Many churches spend days, weeks, and months trying to figure out the mission of their church when, in fact, that has already been decided for us as Christians. The mission is "to make new disciples of Jesus Christ for the transformation of the world." This is also true of most organizations. Usually, the mission is decided at the company or organization's birth and within their type of company (e.g., retail, restaurant, religious). For example, Walmart and McDonald's don't need to spend any time figuring out or thinking about the reason for their existence. Walmart doesn't try to sell Jesus. Churches don't go into the retail or hamburger business. When the corporation is birthed, the "why" is also birthed and remains constant. And often, the "why" is birthed before the corporation or organization has begun. Corporations change vision. Vision tells how they intend to accomplish their mission in their context within their culture today. In the past, vision statements were cast seven to ten years into the future. More recently, vision is cast five years into the future. But with the pace at which our world changes today, vision is now cast for eighteen months to three years.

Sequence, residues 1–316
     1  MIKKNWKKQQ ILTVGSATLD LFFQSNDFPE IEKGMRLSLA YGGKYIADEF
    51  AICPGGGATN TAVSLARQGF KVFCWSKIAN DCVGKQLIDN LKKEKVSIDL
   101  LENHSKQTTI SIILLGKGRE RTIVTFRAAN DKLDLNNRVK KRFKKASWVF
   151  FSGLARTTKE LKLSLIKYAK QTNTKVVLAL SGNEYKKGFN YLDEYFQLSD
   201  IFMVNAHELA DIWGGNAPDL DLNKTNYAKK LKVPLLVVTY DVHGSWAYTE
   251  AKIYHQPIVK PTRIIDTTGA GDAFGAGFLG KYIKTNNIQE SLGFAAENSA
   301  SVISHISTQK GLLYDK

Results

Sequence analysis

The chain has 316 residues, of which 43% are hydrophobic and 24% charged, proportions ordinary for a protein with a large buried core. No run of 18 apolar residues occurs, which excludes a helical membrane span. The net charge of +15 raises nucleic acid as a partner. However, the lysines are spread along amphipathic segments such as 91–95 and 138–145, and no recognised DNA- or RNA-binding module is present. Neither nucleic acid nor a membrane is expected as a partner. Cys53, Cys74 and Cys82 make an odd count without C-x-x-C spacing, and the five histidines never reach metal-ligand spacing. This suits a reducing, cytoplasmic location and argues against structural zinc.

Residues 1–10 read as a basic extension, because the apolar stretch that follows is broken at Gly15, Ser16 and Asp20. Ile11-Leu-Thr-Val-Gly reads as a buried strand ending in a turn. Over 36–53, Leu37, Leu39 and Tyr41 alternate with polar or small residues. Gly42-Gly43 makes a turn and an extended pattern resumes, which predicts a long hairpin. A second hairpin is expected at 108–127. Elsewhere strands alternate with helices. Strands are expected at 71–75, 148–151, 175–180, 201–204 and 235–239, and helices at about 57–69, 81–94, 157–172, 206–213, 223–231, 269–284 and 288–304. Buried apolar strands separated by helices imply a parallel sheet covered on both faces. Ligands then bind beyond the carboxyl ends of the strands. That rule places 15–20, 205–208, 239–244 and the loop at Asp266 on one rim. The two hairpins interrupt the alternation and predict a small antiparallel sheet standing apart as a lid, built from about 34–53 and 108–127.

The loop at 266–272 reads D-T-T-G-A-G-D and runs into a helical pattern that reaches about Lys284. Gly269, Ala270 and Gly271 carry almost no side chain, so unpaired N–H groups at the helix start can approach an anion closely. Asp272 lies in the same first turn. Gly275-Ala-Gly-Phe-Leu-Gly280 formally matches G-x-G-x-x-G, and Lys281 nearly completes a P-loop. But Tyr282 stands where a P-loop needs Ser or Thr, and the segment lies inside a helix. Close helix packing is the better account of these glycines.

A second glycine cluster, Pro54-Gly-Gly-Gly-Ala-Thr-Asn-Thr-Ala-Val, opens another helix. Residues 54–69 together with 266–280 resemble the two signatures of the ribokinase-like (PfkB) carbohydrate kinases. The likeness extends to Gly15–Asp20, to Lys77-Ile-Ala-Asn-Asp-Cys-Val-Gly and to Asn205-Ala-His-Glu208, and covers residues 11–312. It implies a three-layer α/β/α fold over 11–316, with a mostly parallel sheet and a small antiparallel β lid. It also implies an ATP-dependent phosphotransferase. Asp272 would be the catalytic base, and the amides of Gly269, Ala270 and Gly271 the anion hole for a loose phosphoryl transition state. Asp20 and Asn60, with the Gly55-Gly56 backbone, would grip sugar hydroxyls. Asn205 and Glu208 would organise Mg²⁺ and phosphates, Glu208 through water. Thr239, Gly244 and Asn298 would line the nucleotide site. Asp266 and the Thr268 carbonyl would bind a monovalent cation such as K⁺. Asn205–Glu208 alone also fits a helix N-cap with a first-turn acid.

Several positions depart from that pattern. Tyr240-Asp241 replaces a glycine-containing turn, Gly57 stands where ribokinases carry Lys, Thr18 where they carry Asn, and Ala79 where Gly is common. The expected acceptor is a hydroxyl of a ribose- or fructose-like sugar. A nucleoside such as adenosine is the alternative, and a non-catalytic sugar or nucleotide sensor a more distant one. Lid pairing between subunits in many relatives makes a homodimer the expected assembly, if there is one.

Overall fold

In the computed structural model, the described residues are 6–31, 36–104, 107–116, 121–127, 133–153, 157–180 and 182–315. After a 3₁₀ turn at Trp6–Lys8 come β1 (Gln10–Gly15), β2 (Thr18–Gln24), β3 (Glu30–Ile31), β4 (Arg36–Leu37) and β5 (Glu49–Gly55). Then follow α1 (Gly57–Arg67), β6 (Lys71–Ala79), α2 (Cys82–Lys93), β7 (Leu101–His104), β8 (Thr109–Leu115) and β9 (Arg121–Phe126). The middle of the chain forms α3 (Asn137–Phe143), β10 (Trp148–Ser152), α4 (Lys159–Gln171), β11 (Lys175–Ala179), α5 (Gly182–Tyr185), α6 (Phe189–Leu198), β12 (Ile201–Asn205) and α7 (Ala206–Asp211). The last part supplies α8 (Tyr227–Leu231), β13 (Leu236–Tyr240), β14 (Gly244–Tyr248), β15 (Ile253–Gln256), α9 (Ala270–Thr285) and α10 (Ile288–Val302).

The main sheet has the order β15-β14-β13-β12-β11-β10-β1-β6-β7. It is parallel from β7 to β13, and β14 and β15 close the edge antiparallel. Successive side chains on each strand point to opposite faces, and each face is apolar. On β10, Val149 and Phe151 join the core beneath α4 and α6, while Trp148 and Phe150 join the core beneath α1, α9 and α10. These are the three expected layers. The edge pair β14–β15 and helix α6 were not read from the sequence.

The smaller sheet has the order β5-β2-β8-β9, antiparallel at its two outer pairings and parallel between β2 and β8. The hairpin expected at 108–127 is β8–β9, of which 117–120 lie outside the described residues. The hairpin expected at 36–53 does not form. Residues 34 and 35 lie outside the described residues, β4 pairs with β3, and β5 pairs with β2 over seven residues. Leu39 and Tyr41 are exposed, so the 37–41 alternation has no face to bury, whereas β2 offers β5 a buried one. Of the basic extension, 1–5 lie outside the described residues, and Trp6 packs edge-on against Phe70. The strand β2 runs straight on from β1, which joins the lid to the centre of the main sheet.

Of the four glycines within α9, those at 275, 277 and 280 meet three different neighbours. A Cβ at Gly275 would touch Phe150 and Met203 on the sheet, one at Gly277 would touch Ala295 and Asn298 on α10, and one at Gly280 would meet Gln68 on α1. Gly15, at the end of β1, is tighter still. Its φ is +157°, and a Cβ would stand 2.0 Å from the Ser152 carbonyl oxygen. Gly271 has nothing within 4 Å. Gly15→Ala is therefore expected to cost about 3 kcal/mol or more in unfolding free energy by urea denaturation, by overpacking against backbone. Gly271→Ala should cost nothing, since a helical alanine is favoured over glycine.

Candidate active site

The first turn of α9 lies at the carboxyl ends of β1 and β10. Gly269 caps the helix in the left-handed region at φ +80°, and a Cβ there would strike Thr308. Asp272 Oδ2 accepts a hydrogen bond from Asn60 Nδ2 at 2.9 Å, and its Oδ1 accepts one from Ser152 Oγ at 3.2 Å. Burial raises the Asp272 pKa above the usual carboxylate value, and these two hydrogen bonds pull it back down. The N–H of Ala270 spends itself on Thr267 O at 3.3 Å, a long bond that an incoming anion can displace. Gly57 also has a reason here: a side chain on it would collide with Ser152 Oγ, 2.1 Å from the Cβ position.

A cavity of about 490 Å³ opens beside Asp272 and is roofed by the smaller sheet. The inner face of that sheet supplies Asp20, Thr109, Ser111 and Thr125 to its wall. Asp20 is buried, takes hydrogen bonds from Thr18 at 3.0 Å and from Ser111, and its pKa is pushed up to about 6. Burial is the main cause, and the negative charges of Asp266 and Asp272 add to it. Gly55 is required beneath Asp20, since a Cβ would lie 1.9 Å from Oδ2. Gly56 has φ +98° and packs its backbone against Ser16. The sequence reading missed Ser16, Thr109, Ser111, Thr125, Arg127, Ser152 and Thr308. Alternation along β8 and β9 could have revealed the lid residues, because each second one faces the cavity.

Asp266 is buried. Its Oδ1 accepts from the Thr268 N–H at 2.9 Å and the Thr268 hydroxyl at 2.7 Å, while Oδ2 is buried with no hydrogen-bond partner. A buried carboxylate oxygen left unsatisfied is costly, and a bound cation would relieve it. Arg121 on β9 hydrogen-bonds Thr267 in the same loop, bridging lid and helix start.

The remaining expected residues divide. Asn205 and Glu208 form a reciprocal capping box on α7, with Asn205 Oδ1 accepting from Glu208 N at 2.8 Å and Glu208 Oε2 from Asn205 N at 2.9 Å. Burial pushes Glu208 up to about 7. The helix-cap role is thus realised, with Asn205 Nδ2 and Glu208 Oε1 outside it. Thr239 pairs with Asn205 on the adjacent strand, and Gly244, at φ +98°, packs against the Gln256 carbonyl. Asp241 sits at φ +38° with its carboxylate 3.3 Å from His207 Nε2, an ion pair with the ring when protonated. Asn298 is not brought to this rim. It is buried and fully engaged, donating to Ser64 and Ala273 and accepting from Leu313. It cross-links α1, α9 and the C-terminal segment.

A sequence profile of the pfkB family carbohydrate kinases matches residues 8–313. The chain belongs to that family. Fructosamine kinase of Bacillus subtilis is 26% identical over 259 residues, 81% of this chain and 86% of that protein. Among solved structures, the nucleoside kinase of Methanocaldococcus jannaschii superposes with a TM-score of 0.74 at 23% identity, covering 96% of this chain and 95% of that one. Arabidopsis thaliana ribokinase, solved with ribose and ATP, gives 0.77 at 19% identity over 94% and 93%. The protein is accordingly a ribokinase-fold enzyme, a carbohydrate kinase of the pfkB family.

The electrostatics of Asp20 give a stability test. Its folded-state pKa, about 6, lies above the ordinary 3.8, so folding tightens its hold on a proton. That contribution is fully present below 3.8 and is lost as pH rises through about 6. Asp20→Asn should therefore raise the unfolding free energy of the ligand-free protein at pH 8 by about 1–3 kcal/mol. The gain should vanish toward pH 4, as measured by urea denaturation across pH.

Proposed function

The church was birthed out of Acts 2 with five purposes. These purposes are all the same whether you readFive Practices of Fruitful Congregations by Robert Schnase or The Purpose Driven Church by Rick Warren. In addition to the book of Acts, we received the final instructions of Jesus Christ in Matthew 28:18-20 and Luke 9:1-6 with Jesus Christ sending the disciples out two by two to reach the new generations. We believe that God has already provided each church with their mission. We, United Methodists, believe it is contained within the Great Commission and the Great Commandments. We have summarized it into this statement: "To make disciples of Jesus Christ for the transformation of the world." If you are going to be the church, your mission centers around Jesus's Great Commission.